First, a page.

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The art of Rizal

ROSES & THORNS - Alejandro R. Roces () - June 26, 2010 - 12:00am

The first essay of Jose Rizal as Propagandist is sometimes forgotten. El Amor Patrio (Love of Country) was penned in the first months he was overseas in 1882. It appeared in Diariong Filipino in Manila under the pseudonym Laong Laan on 20 August 1882. It was his first published work, and in many ways, spelled out what he hoped and prayed for what would be the Philippines.

The artistic abilities of Jose Rizal are well known. Felice Sta. Maria in Rizal in Excelsis, writes: “Languages, painting, sculpture, and literature would remain Jose Rizal’s favorite subjects even overseas. His artistic talents were noted early…The Jesuits appreciated his work, and even requested him at the age of 17 to design an altar for the Dipolog church in Zamboanga del Norte…and to furnish drawings of Manila’s best altars for the reference of workmen in remote areas.” It was his literary accomplishments, one even as young as seven, that would win him lasting acclaim. For Jose Rizal science, arts and education were the paths to “enlightenment” for Filipinos.

El Amor Patrio, much like his later works (and his final work) focused on his perceptions of the Philippines; in a tangible and imagined sense. Like A La Juventud Filipina (written a few years earlier in 1879) it paints the Philippines as a homeland, worthy of love and protection. In both instances he exhorts the youth to stand up for Filipinas.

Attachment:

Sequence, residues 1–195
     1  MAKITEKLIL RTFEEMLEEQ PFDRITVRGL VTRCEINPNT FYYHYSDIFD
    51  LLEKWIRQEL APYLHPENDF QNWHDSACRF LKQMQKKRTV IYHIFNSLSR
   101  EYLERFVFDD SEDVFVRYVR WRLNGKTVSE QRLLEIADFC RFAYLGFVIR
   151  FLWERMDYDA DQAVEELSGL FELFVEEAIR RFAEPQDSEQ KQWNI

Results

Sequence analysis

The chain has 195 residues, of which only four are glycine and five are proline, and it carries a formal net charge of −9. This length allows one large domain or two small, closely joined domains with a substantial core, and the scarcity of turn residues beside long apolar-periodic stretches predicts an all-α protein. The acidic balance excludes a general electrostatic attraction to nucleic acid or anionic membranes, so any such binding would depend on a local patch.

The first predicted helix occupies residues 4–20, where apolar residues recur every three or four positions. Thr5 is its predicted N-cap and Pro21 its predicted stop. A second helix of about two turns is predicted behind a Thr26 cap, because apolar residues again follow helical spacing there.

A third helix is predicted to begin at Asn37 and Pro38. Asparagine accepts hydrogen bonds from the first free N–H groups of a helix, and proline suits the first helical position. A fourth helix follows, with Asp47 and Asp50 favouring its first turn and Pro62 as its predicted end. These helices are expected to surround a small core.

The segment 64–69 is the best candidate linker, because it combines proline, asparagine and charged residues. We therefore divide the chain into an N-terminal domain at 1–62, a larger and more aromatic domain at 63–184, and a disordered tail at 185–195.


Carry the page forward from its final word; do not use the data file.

From La Juventud Filipina:

“Bearing the good light

Of art and science, to the battleground

Descend, O youth, and smite:

Loosen the heavy pound

Of chains that keeps poetic genius bound.”

In El Amor Patrio, Rizal takes a naturally more prosaic approach, though no less powerful: “It has always been said that love is an extremely powerful force behind most noble activities. Well then, of all loves, the love of country has inspired the grandest, the most heroic and the most selfless of deeds. Do read history books or historical records and traditions,” (from Father Raul Bonoan, SJ’s translation). Here we also see spelled-out something that he believed; the path to understanding your country is to understand your history.

Rizal believed in the study of history and culture as a path to the development of national consciousness: “If only I might become a professor in my homeland, I would wake to life these studies, this nosci te ipsum (know thyself) which creates a true sense of national identity (Selbstgefuhl) and impels nations to do great deeds.” In between Noli Me Tangere and El Filibusterismo he would put this belief into action. In London he would painstakingly handwrite out a copy of Antonio de Morga’s Sucesos de las Islas Filipinas. To that 17th century work he would include annotations of his own. As Father John Schumacher wrote: “In his preface Rizal makes clear its place in his master plan. The Noli has revealed ‘the present state of our fatherland’; his Morga now attempts to awaken in Filipinos ‘the consciousness of our past’ in order to be able to ‘dedicate ourselves to studying the future.’”

For Jose Rizal arts, philosophy, science, history, education in general was the means of enlightenment. For him (and the Founding Fathers), they offered the mechanism through which national consciousness, national identity, could be discovered, defined and expressed.

A LA JUVENTUD FILIPINA AS FATHER JOHN SCHUMACHER DIARIONG FILIPINO EL AMOR PATRIO EL FILIBUSTERISMO FATHER RAUL BONOAN FELICE STA FOR JOSE RIZAL FOUNDING FATHERS JOSE RIZAL RIZAL
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